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Make Customer Experience Part of Your Product

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Construction Practices

Make Customer Experience Part of Your Product

These days, a pretty portfolio isn’t enough to land the job

By Tina Gleisner November 8, 2015
Reasons why it's important to make customer experience part of your product
This article first appeared in the PR November 2015 issue of Pro Remodeler.

Let’s say you were chosen to create the perfect bathroom for your client. You strive for a happy customer and great end product to add to your portfolio in hopes of attracting new clients. But in today’s world of information overload, pictures aren’t enough, and customer experience plays a bigger role in earning word-of-mouth referrals.

Many homeowners—your clients—are couples. And in those couples, from my experience, the women talk more among themselves and online, so they’re more likely to give you referrals. Past clients who are women may share project photos online or show off a new bathroom to visitors, but it’s the experience they have that they’ll remember and talk about for years. They may even blog about that experience.

An Integral Part of Your Process

When clients understand what’s going right and are aware of potential problems, they’ll be more understanding, and accepting, if and when schedule delays or cost overruns occur. The best way to get your team to focus on the customer experience is to make it part of your business processes. You can do this by:

1. Documenting your processes from the homeowner’s perspective. This will help you stand out from your competitors, and it’s a good marketing tool. Types of documentation worth sharing include:

—Project scope, specifications, and timeline for projects you’ve completed. Be sure to include examples of problems that arose and how they affected the schedule and budget.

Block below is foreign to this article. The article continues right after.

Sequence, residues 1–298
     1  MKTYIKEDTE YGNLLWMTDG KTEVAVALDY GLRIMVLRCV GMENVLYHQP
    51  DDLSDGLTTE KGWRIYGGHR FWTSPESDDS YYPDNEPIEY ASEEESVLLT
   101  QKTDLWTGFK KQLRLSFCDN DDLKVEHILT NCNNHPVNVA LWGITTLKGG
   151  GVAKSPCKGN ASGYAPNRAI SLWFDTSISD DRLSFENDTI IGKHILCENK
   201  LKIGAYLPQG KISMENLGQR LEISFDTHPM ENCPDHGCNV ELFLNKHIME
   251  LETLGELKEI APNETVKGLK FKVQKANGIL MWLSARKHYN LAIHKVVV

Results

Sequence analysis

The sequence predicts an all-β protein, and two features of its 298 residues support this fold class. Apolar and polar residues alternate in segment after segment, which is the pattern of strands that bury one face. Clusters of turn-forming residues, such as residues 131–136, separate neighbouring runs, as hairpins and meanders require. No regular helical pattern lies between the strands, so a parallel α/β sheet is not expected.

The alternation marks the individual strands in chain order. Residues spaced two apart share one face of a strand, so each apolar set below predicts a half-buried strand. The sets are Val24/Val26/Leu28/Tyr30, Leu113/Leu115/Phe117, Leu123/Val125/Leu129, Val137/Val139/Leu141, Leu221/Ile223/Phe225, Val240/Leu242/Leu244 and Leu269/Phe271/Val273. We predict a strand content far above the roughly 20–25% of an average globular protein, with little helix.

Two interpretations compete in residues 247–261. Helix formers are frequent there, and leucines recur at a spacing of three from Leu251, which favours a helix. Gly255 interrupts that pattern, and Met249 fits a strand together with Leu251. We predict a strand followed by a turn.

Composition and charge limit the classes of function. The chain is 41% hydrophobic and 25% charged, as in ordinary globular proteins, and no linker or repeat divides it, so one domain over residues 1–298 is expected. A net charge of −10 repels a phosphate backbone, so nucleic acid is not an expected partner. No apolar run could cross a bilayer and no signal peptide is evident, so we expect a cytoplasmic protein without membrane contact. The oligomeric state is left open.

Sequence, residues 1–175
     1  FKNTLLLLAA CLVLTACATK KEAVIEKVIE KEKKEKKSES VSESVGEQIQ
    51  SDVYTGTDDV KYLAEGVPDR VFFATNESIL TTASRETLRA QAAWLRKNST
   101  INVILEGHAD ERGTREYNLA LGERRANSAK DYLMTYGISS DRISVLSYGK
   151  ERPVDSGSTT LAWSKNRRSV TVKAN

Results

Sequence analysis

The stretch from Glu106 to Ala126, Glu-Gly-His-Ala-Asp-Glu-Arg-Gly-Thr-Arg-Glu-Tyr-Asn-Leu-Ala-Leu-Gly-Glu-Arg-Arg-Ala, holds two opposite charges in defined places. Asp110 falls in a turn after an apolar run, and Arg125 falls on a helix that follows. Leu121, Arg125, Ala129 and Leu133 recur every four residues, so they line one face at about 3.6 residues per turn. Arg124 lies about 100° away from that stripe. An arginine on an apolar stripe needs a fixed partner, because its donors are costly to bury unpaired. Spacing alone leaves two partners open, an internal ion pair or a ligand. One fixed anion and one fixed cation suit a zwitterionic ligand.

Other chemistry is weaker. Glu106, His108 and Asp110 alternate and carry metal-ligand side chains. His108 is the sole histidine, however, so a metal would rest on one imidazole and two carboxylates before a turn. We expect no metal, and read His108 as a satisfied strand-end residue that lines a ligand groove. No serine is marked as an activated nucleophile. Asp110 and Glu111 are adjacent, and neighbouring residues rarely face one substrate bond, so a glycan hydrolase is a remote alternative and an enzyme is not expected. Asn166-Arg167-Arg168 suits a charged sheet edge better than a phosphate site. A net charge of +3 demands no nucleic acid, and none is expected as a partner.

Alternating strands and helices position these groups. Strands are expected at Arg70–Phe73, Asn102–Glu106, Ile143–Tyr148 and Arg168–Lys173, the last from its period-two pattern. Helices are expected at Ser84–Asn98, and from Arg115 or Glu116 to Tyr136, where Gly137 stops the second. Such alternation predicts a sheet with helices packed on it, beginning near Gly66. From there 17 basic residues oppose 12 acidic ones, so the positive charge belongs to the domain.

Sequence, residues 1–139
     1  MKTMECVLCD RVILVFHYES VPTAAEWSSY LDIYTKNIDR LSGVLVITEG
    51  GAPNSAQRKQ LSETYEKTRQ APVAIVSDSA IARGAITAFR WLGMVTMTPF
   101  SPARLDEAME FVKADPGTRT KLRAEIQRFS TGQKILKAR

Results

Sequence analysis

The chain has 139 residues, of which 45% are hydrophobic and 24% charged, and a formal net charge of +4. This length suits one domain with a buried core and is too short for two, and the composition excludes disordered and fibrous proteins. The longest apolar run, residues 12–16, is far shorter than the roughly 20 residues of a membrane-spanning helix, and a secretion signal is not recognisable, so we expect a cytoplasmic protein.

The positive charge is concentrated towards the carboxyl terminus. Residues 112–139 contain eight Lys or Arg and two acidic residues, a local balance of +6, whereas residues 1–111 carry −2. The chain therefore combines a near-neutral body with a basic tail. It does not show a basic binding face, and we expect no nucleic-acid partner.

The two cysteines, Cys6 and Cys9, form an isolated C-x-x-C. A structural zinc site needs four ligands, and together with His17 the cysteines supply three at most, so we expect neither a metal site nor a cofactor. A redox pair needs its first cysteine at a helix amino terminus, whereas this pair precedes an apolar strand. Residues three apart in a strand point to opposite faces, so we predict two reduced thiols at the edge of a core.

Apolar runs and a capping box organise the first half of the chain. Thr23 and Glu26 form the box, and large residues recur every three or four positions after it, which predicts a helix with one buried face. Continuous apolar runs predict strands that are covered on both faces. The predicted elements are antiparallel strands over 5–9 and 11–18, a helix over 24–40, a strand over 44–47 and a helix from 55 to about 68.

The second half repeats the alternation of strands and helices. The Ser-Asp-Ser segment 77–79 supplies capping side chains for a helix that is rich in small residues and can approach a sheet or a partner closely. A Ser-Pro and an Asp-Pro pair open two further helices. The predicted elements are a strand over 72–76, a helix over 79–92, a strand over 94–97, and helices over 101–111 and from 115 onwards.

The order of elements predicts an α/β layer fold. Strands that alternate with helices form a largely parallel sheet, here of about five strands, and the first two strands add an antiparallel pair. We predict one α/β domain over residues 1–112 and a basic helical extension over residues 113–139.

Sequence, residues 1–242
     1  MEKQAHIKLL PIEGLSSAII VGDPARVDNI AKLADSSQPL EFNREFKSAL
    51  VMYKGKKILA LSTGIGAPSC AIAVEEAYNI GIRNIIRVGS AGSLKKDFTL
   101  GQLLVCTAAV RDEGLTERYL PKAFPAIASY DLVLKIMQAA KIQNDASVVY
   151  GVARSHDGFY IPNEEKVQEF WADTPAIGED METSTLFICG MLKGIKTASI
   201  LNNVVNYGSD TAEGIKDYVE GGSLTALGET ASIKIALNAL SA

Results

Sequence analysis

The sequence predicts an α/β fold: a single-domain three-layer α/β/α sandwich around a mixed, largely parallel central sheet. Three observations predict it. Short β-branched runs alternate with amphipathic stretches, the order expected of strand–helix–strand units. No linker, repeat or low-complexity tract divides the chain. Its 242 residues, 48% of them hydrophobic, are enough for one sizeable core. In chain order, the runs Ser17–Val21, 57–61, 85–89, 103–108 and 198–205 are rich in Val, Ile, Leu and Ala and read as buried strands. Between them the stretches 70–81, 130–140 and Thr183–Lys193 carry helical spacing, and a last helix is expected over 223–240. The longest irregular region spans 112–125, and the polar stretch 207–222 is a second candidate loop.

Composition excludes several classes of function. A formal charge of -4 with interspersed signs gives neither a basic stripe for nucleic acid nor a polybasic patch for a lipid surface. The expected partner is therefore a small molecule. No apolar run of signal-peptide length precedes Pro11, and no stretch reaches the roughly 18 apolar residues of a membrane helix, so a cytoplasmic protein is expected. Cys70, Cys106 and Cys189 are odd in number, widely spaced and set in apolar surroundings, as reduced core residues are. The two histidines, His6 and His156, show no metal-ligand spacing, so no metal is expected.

—Planning worksheets that help homeowners prepare for their initial meeting with you can speed up the process and can also alert homeowners to the fact that they’re not ready to start a remodeling project.

—Product recommendations to guide client research online and with your preferred local vendors.

—Product and material cost ranges to guide clients in matching their dreams with reality (budget). Including the most common hidden repair items, such as a rotted subfloor in a bathroom, will explain why contingency is included.

—Links to other websites with remodeling resources.

2. Assign a customer advocate to periodically check in with each client. Calls or an occasional site visit can be random and shouldn’t always have a specific agenda. Listening to the client is great because it keeps you grounded. It’s too easy to forget that homeowners don’t have the experience to know what to worry about, and what is “business as usual.” 

A log of all client interaction is helpful in case problems arise. The log can also be used during post-job reviews to learn where business process improvements are needed.

3. Extra communication can help to quickly identify and resolve concerns. You’re the expert and you know when and why most problems bubble up in a project. You already have a weekly project review, but that meeting will focus on accomplishments over the last week and plans for next week. After demo and the discovery of hidden damage, most problems arise from external sources such as delays in product shipment or a scheduled inspection.

You’re already checking on all your project dependencies internally; a quick call or email to update the customer about any changes and how you’re planning to absorb them into the schedule or budget can make a big difference in how clients respond when you do have to revise the schedule or budget. 

Better for Your Bottom Line

We all want projects to run smoothly, which requires good teamwork when problems arise. By integrating the customer experience into your business processes, you are building stronger customer relationships,
creating more skilled team members, and generating more profit for your business. You can’t prevent all problems, but you can, and should, minimize their impact on your bottom line.


Tina Gleisner sold her handyman business to focus on teaching women how to manage their home improvement projects via her website, HomeTipsforWomen.com.


These days, a pretty portfolio isn’t enough to land the job

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